The History of Handwashing
World Hand Hygiene Day in May and Global Handwashing Day in October highlight how far we have come in understanding the impact of cleanliness on preventing disease. In light of the global coronavirus pandemic, now would be a good time to look at where this healthy practice, which has become so much a part of our lives lately, stems from.
Our bodies are 70% water
That’s probably the reason why we have an affinity for these little molecules comprised of two atoms of hydrogen and one atom of oxygen (H2O). Most of the world’s biggest cities are built next to a river, on a lake, or at the coast – Johannesburg is the one great exception, which is why water is such a valuable resource.
The reason for this is obvious – within 3 days, a human being will die without water. But more than that, perhaps we have always instinctively known, through thousands of years of existence, that water is naturally healing. It’s known as the universal solvent, because over time it washes everything clean.
Washing our bodies, and our hands in particular, is admonished in many religions, including Islam, Christianity and Judaism, and it is specifically mentioned in both the Qur’an and the Bible.
A Hungarian doctor and Florence Nightingale save the day
The modern history of handwashing can be traced back to 1847, when a Hungarian-German doctor called Ignaz Semmelweiss instituted the practice of handwashing at the Vienna General Hospital, where he worked in obstetrics. Semmelweiss noticed that both babies and mothers who were treated by doctors were more inclined to die than those who were treated by midwives. He observed that doctors would sometimes work on post-mortems and on people who were very ill, and then, without washing their hands, they would go and attend to mothers who were in labour.
Semmelweiss believed that, somehow, these doctors were transferring something from the dead bodies and the sick patients to the mothers, which led to a massive increase in puerperal fever, also known as childbed fever or post-partem infections. Babies were also dying.
Semmelweiss introduced the practice of handwashing with an anti-septic-type liquid to accompany it. He initially used chlorinated lime solutions. At the time, however, Semmelweiss was derided as a quack for promoting the practice of washing hands, and his fastidiousness did not gain much attention. Doctors were offended at the suggestion that they were responsible for spreading disease and killing people instead of healing them. He stuck to his guns, though his theory drove him almost insane. Sadly, he died in an asylum at the young age of 47 after being beaten up by the guards. Today he is honoured around the world for his pioneering work.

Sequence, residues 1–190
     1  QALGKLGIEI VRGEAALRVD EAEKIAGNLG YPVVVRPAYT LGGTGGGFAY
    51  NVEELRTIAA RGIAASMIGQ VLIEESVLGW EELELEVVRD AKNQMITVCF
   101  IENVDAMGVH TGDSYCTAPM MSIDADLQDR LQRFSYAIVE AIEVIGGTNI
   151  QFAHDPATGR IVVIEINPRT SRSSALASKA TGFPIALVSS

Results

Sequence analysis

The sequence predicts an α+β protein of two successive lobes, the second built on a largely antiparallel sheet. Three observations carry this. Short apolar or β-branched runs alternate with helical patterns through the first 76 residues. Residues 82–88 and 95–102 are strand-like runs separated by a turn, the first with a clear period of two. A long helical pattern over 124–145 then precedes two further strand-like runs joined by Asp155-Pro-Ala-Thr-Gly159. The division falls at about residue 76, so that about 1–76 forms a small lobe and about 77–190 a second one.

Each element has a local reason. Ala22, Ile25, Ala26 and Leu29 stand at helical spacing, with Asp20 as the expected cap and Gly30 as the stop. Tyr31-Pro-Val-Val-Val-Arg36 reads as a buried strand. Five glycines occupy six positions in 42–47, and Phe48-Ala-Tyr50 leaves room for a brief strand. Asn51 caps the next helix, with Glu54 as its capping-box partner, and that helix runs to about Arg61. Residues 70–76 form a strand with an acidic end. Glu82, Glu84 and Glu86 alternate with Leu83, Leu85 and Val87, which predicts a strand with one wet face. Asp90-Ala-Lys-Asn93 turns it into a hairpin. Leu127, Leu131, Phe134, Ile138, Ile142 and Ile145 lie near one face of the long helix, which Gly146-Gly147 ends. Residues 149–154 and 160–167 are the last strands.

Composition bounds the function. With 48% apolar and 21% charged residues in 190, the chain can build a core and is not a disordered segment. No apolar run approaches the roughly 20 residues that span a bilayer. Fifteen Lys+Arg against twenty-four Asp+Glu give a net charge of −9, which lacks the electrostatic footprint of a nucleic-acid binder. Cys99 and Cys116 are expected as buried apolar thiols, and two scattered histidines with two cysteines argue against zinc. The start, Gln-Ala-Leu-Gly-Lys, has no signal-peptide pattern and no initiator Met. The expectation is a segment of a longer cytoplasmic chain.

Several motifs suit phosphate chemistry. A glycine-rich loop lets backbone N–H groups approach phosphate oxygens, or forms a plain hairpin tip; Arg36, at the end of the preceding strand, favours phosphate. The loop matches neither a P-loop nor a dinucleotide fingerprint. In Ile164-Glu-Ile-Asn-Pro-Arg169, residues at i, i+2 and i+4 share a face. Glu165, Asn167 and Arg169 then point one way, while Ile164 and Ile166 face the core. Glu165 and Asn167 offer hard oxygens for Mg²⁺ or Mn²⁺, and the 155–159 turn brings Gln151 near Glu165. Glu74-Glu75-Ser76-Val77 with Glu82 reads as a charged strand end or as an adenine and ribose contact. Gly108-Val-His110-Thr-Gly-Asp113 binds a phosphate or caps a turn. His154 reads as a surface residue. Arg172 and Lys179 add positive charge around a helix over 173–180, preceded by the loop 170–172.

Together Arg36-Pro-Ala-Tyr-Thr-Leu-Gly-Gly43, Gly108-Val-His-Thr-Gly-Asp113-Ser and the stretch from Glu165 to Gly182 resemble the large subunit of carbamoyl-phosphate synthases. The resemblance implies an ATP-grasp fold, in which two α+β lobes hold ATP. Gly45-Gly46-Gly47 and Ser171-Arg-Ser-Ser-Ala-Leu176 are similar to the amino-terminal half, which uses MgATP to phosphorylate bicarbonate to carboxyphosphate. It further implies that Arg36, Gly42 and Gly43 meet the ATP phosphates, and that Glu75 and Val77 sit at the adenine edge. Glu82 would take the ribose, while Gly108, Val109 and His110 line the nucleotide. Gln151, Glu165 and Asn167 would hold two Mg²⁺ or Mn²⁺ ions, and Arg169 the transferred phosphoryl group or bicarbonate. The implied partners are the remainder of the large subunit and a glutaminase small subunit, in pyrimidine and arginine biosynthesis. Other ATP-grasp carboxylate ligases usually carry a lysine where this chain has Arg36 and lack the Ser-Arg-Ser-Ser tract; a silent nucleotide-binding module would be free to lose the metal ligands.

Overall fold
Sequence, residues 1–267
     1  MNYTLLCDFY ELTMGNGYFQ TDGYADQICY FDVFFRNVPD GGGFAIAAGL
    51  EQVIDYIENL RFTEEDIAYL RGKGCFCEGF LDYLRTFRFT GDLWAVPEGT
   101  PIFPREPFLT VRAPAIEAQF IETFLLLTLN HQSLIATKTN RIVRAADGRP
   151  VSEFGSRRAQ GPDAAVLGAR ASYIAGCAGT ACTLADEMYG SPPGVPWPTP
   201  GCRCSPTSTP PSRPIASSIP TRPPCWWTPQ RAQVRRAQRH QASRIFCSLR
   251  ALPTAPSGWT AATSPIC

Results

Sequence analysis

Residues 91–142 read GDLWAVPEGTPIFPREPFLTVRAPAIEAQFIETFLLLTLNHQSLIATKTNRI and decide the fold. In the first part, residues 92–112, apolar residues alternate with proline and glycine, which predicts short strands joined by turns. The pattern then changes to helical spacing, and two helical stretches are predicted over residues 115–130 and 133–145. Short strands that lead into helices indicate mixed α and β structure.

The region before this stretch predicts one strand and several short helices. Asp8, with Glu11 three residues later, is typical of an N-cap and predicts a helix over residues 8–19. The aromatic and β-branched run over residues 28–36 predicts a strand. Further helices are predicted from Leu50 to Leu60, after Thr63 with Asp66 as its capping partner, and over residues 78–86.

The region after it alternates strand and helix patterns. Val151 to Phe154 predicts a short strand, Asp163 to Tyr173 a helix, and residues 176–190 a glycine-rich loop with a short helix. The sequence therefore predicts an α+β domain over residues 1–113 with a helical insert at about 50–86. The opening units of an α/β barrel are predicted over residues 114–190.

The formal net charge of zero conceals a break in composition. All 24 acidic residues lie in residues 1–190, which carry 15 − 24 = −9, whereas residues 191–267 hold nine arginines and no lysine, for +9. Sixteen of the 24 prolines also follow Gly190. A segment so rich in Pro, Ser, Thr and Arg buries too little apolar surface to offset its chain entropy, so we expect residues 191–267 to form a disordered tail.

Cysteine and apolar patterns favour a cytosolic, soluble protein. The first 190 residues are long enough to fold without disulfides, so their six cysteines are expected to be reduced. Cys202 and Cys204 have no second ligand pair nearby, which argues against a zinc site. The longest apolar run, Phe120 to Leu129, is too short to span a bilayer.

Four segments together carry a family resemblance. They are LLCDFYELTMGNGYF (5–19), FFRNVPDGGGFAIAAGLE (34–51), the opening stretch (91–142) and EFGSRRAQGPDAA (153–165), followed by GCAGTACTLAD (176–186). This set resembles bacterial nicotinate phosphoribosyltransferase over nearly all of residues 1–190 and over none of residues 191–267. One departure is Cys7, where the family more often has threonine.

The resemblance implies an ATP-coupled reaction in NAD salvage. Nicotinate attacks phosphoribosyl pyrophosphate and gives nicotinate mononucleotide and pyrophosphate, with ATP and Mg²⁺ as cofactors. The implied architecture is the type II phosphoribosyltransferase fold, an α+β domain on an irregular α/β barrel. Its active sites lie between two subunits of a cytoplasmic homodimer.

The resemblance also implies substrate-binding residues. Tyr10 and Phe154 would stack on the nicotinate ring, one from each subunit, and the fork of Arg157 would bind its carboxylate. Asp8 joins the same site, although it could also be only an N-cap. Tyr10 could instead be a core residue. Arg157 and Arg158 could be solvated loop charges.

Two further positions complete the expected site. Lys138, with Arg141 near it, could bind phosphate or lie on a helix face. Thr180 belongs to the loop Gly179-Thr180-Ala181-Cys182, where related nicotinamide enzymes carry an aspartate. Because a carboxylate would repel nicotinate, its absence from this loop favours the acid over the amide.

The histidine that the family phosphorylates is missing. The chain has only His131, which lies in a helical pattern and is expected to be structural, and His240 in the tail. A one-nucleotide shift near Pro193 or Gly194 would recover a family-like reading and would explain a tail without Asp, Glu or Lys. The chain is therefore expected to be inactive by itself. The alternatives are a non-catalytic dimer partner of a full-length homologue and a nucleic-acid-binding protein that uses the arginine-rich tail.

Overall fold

Famed nurse Florence Nightingale also noticed the rifeness of diseases during the Crimean War of 1853-1856 due to a lack of hand hygiene, and instituted the practice of changing the linen daily and bathing patients to prevent the spread of disease.
Louis Pasteur, generally credited with the development of germ theory and the link between germs and disease, credited Semmelweiss in his works. Joseph Lister also applied the theory and introduced the use of carbolic acid to disinfect hospitals and surgical equipment. He wasn’t taken too seriously either, until he successfully treated Queen Victoria.
Google does a doodle
To mark the anniversary of his appointment as Chief Resident of the maternity clinic at Vienna General Hospital – and also in light of the coronavirus pandemic, and the desperate need for washing hands – Google honoured Semmelweiss with a doodle on 20 March 2020, dedicated to his handwashing regimen.
Happy birthday to you
Incidentally, the Happy Birthday song, which people are advised to sing twice through while washing their hands, to ensure that they have been washed for at least 20 seconds, is credited with being composed by two sisters, Mildred J. Hill and Petty S. Hill, in 1893, in Kentucky.
So, we owe a lot of our health hygiene regimen to people who were alive well over 100 years ago, and left their indelible mark on history.
Handwashing is still a dirty word
According to a study by the American Centers for Disease Control (CDC), some 69% of men do not wash their hands after using the bathroom. Are we surprised then by the rampant spread of the coronavirus across the world?
Have a chat with your doctor the next time you visit, about the correct way to wash your hands, and what are the best washing and antiseptic materials to use to keep your hands clean.
Remember to wash your hands regularly! It could save your life and other’s lives.
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Disclaimer: Any information contained here is merely a guideline. Always visit your healthcare practitioner for any health-related advice or diagnosis.